Measures for those travelling to Singapore are also among the strictest of the countries affected by the SARS outbreak. Thermal scanners, in which people’s temperatures are taken as the walk though a security check at the airport, are being used to detect abnormally high temperatures in arriving passengers.

People are also being made to fill in health declaration cards, a measure that has not been implemented in Canada.

Beijing’s ‘hell of forced isolation’

John Gittings
The Guardian
26 April 2003

WHO says compulsory quarantine is ‘victimising’ thousands

Sars suspects are being victimised in Beijing, where thousands have now been put in compulsory quarantine, a World Health Organisation specialist, Dr Wolfgang Preiser, said yesterday.

“If you make it hell for them, they go into hiding,” Dr Preiser, a German virologist, told reporters in Shanghai.

“It is a bit of an over-reaction. Health officials must know how to draw a balance and stop victimising people unnecessarily.”

China said yesterday that another five people had died from Sars and 180 were infected, taking the death toll to 115 and the number of cases to 2,601.

A health official in Beijing, Guo Jiyong, said his department had ordered 4,000 people who has had “intimate contact” with suspected Sars cases to stay at home under quarantine. Under new regulations applying to hospitals, factories, hotels, schools, residential blocks and anywhere else where the virus is found, anyone violating the compulsory quarantine would be “severely punished.”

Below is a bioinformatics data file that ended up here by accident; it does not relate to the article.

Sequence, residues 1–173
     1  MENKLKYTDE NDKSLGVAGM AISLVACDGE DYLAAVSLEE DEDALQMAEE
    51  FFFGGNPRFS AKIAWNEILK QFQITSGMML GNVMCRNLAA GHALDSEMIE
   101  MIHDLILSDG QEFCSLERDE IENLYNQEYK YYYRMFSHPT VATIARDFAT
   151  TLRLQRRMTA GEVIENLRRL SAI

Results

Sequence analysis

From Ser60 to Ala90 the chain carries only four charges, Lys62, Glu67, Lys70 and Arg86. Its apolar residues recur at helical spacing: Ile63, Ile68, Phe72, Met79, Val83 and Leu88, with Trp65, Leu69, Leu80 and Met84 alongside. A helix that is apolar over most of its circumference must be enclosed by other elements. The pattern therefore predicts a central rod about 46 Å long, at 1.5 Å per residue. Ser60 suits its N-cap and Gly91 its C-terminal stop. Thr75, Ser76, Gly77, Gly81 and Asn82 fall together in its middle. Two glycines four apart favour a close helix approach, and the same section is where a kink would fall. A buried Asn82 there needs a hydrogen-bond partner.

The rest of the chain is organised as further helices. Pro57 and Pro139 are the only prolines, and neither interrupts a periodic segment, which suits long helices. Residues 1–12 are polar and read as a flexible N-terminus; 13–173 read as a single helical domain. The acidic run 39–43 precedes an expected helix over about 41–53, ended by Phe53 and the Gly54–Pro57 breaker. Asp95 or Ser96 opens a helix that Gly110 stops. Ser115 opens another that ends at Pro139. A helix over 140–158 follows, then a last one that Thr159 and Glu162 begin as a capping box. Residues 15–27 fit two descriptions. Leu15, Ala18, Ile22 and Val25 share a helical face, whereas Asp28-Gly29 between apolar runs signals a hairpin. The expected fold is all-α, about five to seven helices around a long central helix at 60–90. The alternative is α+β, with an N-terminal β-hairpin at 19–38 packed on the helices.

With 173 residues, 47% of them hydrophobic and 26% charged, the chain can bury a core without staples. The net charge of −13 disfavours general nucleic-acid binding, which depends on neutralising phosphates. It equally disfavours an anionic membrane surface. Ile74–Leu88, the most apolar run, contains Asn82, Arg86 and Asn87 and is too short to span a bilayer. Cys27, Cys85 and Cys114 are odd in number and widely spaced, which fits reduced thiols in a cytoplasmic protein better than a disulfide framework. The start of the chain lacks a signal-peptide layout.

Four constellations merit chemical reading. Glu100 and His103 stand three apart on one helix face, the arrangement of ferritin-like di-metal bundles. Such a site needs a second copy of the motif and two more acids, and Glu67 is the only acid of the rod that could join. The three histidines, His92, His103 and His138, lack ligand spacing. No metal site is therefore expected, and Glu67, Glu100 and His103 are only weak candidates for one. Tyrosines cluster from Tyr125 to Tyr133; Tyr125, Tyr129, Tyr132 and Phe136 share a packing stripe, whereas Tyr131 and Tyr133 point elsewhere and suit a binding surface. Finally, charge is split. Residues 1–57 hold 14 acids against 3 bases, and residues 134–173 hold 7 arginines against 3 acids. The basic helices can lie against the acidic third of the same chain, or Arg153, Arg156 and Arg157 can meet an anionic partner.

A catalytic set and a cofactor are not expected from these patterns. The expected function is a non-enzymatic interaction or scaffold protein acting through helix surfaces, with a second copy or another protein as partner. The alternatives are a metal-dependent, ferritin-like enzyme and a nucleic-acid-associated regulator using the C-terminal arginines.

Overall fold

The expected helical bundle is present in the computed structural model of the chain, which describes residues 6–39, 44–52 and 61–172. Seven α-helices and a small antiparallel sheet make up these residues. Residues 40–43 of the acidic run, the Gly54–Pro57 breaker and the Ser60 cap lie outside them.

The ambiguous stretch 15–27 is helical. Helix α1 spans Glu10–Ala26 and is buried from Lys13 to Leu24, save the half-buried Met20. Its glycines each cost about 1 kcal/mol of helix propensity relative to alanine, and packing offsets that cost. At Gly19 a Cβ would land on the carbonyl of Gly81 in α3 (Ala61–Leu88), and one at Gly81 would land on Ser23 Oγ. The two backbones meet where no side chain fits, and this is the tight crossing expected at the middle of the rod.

Officials had to deny rumours, which have added to the panic in the capital, that martial law would be declared, or main roads and airports sealed off.

The People’s hospital, which has more than 3,000 staff and patients, remained cordoned off by police tapes yesterday. Clothes and food left for patients by visitors were handed through the gate to masked hospital employees.

Restrictions were imposed on a second hospital, the Ditan, which specialises in infectious diseases.

Dr Preiser spoke to journalists in Shanghai as his team prepared to brief city officials on its findings there.

The current number of suspected cases there is 15, but the team said later that the number would “increase substantially”. Although the city’s health system was working well, it had not yet been tested by a large number of cases.

The team has been in China for five weeks on a mission originally due to last only a week.

Further missions are being planned, to hard-hit rural provinces where there is a “major concern” that Sars cases are being identified or reported slowly, or not at all.

Cooperation between WHO and the Chinese government is now described as “extremely open” and the team has enjoyed free and unrestricted access to hospitals in Shanghai. This is in sharp contrast to the situation at the beginning of the mission, when meetings at the ministry of health in Beijing took place “in a very tense atmosphere”.